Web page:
Dara Horn Offers Her Own ‘Guide For the Perplexed’
● A Guide for the Perplexed
By Dara Horn
W. W. Norton & Company, 352 pages, $25.95
In Dara Horn’s first novel, “In the Image,” published in 2002, Rosenthal, an elderly Jewish immigrant, tells young Jason about crossing the Atlantic in steerage. When the ship finally approached the Statue of Liberty, passengers were so eager to shed their Old World selves that they tossed their tefillin overboard. “I want you to be a deep-sea diver,” Rosenthal informs Jason. “I want you to dive down to the bottom of New York Harbor and bring those cast-off tefillin back up to land.”
Through her first three novels — “The World To Come” and “All Other Nights” are the others — Horn has been that diver, recovering vestiges of the Jewish past. She has drawn on czarist pogroms, the American Civil War and Stalinist anti-Semitism for her plots, and has enlisted Judah P. Benjamin, Marc Chagall and Yiddish author Der Nister to mingle with her fictional personages. Mosheh ben Maimon (also known as Rambam or Maimoni. des), the medieval philosopher, and Solomon Schechter, the modern rabbinical scholar, are among the characters that populate Horn’s latest novel, which takes its title from Moreh Nevukhim, Maimonides’s monumental contribution to Jewish thought.
Set in the present and in 1896 and 1171, “A Guide for the Perplexed” jumps back and forth between Cambridge, Mass.; Cambridge, England; Alexandria, Egypt, and Cairo. In the present, Josie Ashkenazi, a 33-year-old genius, has become rich by creating an electronic platform, Genizah, that catalogs every moment of a person’s life. While serving as a consultant at the Library of Alexandria, Josie is kidnapped and held for ransom. Imprisoned within the City of the Dead, the Cairo necropolis that is home to hundreds of thousands of paupers, she reads Maimonides’s “A Guide for the Perplexed” and ponders the philosopher’s challenge of reconciling divine omniscience with human freedom. If God knows how everything turns out, how can we presume to make a choice?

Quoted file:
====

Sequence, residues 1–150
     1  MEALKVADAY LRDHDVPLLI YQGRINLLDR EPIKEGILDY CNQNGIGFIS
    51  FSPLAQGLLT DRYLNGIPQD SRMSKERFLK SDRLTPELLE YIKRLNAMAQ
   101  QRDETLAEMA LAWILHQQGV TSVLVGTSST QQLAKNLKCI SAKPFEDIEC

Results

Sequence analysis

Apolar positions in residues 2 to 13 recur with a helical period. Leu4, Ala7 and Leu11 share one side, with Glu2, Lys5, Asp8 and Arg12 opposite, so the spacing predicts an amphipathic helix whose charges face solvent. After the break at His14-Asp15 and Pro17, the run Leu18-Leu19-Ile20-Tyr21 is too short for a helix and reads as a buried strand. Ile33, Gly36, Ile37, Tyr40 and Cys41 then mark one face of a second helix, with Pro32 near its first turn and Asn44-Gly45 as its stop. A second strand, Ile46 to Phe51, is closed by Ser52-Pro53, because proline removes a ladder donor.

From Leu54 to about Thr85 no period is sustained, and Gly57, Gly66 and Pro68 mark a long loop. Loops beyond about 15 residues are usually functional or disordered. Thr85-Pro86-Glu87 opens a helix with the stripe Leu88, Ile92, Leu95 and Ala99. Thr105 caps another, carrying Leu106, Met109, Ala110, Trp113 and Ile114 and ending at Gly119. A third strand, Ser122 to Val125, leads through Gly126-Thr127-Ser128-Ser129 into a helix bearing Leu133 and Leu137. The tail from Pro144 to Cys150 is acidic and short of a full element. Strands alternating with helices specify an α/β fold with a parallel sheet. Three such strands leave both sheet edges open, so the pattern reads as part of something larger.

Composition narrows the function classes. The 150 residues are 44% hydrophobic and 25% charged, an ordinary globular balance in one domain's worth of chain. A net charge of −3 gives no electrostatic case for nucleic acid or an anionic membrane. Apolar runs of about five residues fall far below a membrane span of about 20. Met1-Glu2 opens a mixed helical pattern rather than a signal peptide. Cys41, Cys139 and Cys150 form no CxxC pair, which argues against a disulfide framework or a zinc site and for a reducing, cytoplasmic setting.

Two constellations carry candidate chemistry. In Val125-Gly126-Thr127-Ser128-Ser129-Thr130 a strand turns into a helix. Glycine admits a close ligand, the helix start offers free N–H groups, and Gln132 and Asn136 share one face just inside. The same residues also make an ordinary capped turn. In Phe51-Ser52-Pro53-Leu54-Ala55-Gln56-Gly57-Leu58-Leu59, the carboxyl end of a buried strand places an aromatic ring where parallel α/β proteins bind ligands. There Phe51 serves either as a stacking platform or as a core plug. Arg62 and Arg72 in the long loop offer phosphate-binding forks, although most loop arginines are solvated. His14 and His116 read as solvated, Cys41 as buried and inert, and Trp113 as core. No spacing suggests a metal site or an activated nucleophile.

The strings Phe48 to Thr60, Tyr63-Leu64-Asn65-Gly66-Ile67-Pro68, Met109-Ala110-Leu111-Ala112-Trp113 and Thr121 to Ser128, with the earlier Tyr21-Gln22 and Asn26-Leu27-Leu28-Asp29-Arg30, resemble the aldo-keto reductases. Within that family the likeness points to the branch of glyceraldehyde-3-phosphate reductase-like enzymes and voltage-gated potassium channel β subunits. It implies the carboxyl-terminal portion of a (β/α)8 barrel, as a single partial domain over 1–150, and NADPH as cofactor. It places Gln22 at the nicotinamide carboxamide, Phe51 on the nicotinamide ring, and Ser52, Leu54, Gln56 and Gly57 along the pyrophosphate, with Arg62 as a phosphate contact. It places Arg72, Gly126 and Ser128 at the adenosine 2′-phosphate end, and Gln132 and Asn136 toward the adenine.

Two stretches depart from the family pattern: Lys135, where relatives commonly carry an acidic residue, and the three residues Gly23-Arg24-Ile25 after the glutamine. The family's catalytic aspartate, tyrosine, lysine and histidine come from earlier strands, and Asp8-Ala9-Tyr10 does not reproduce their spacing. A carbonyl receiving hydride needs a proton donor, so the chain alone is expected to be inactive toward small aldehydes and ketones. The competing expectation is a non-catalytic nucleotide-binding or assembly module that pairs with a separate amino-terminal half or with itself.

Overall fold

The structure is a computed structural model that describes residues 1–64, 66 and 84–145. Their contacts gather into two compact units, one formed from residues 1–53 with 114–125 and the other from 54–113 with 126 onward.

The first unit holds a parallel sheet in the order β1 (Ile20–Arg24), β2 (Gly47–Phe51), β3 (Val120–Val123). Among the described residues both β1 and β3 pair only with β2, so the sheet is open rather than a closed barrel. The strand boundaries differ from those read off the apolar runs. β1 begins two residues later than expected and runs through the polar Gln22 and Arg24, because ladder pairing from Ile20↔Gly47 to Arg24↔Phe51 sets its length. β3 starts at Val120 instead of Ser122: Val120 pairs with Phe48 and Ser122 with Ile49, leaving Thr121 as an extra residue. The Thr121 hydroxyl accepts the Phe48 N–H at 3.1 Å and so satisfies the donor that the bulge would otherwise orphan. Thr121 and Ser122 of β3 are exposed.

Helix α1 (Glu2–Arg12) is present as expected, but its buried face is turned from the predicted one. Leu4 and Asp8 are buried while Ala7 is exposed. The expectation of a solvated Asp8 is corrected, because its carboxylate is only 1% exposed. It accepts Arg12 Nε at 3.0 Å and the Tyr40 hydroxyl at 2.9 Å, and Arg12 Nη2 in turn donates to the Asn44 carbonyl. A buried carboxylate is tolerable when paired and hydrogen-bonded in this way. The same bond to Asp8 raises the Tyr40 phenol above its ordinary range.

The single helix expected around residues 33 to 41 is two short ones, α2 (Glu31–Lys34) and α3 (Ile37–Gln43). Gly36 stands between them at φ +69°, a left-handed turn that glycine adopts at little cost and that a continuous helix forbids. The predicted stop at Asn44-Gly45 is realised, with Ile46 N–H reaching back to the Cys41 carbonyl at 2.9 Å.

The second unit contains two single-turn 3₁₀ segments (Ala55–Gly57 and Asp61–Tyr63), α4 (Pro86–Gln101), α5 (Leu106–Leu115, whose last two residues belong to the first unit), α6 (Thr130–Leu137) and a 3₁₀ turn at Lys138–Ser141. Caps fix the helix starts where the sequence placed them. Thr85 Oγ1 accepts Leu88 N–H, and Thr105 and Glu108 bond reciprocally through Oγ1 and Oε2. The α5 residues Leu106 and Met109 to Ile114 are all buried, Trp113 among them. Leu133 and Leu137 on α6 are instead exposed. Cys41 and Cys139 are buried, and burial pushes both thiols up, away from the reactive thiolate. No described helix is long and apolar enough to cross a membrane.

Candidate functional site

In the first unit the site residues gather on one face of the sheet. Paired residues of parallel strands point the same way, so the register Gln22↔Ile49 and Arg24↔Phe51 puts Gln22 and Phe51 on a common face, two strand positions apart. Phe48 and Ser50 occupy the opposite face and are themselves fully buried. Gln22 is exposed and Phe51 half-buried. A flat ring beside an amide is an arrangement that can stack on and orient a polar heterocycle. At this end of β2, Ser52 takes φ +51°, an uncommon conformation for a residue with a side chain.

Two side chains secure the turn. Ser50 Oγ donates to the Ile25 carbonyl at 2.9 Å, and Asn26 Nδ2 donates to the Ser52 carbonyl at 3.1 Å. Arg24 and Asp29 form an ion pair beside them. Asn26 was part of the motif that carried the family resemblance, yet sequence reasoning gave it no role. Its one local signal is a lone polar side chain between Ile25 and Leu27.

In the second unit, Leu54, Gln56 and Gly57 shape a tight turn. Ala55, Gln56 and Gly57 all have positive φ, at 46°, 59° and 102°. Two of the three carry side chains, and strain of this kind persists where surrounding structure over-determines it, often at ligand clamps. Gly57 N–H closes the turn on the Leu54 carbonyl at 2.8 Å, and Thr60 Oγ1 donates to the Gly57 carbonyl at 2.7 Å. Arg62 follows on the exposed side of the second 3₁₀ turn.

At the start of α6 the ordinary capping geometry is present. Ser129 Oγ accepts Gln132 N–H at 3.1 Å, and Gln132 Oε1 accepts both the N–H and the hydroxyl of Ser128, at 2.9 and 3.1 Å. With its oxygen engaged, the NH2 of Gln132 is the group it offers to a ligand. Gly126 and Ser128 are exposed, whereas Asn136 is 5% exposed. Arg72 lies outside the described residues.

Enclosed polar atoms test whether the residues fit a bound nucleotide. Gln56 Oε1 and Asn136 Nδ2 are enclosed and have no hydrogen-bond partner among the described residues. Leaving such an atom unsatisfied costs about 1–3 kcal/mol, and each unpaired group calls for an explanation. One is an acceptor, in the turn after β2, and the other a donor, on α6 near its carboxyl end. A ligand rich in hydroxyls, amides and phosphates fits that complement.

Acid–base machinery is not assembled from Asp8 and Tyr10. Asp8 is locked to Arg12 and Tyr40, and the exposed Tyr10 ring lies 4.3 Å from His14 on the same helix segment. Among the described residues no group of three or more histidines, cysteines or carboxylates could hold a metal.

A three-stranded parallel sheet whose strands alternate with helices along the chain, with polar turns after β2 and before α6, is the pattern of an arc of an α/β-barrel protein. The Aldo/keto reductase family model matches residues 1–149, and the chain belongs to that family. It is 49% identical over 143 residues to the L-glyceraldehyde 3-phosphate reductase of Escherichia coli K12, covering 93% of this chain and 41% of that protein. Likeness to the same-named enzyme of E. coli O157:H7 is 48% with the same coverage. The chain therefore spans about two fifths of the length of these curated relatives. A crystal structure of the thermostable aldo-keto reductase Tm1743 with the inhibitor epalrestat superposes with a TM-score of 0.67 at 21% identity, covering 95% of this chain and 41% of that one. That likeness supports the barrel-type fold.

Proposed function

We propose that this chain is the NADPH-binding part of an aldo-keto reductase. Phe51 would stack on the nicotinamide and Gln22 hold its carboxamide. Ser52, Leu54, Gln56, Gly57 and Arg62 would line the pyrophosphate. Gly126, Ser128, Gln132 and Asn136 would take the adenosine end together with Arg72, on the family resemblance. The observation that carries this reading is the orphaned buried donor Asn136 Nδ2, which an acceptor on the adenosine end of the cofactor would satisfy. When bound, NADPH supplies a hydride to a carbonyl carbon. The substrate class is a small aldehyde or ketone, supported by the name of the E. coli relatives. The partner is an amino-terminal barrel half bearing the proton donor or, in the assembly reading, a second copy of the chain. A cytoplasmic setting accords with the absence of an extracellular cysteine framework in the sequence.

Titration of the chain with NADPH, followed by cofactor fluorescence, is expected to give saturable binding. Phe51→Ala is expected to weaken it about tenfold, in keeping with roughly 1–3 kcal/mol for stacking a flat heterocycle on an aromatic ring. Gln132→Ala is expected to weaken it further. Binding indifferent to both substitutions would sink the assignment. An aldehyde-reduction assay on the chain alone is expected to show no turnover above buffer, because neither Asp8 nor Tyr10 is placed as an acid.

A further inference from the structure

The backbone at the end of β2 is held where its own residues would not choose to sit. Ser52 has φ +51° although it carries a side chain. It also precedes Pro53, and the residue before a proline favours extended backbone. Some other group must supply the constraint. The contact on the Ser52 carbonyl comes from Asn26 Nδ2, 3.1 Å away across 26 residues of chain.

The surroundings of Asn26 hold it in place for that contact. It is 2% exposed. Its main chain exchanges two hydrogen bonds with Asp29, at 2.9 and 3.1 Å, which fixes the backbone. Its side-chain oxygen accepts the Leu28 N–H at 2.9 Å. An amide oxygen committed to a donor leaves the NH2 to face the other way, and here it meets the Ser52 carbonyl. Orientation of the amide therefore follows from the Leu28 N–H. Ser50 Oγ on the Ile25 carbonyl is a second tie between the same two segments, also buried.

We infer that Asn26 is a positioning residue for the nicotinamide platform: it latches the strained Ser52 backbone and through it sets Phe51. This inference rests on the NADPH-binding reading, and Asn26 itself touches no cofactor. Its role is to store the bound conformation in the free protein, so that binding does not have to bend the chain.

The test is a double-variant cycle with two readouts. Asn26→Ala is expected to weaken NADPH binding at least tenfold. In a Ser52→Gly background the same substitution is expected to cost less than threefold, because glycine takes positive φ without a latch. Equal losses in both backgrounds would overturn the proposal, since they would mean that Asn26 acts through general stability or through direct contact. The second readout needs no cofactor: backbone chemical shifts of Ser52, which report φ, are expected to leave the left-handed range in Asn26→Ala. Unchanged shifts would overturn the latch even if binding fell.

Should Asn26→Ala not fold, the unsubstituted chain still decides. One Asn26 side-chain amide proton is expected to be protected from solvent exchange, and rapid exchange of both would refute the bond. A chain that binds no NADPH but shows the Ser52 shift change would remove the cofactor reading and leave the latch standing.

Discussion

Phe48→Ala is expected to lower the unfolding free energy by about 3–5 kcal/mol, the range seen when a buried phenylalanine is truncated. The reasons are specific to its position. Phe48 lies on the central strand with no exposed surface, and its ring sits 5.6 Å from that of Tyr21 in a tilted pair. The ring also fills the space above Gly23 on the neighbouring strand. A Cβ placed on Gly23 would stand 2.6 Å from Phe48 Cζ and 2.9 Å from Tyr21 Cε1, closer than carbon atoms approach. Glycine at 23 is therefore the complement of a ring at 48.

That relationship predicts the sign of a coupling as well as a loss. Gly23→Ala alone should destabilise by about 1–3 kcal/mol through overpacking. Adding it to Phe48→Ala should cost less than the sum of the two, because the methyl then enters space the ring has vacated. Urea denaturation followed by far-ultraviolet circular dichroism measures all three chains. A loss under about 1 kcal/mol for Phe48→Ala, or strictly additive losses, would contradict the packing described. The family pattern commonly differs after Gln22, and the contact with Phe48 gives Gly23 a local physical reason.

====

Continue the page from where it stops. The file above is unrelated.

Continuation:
Josie’s Genizah project derives its name from the storage room in which books and papers are discarded rather than destroyed. The most famous repository, the Cairo Genizah, contained hundreds of thousands of documents accumulated throughout a millennium when European scholars discovered it in the late 19th century. Schechter was one of them, and Horn portrays his anxiety and ecstasy in Cairo, attempting to make sense of “the fathomless pit of paper. The air in the room was alive, trembling with the thoughts of the thousands of people whose names were inscribed in the parchments below.” One of those names was ben Maimon, whose faded letter expresses the philosopher-physician’s anguish over the death of his brother.
A genizah is, according to the preeminent specialist S.D. Goitein, who Horn herself quotes from, “the very opposite of an archive.” That insight is echoed in the novel, where the ordered, accessible pages in the Library of Alexandria contrast with the dusty clutter of the Cairo Genizah — and the muddle of memories that constitutes human identity. Josie’s hubristic Genizah (and , in the novel, Josie does acknowledge her own hubris) aims to organize and immortalize individual lives.
Intent on shoring fragments against the ruins of Jewish history, Horn is an archivist more than she is the shamash of a genizah. Her novel is built on patterns that tidy up the litter of experience. It is, for example, replete with sibling rivalries: Josie and her envious sister, Judith; Schechter and his twin brother, Srulik Schechter, who forsakes Torah to work the land of Palestine; ben Maimon and his merchant brother, David ben Maimon; Agnes Lewis and Margaret Gibson, twin scholars in Victorian Cambridge, and Nasreen, a librarian in Alexandria, and her needy sister, Zulaika.
Each subplot features at least one gaon, or prodigy, such as Maimonides, Schechter or Josie, and dimmer folks who try to undermine him or her. The biblical tale of Joseph thrust into a pit by his covetous brothers is replicated in a bullying incident in Josie’s summer camp as well as in her Cairene captivity.
In a 2005 interview with Moment magazine, Horn confessed to a sibling rivalry with Hebrew writers who “were able to write contemporary secular stories that were infused with an awareness of the thousands of years of Jewish literature that preceded them.” Such envy is misplaced. “A Guide for the Perplexed” is a richly layered book that leaves a reader perplexed, but also grateful and impressed.
Steven G. Kellman is the author of “Redemption: The Life of Henry Roth” (W.W. Norton & Company, 2005) and “The Translingual Imagination” (University of Nebraska Press, 2000).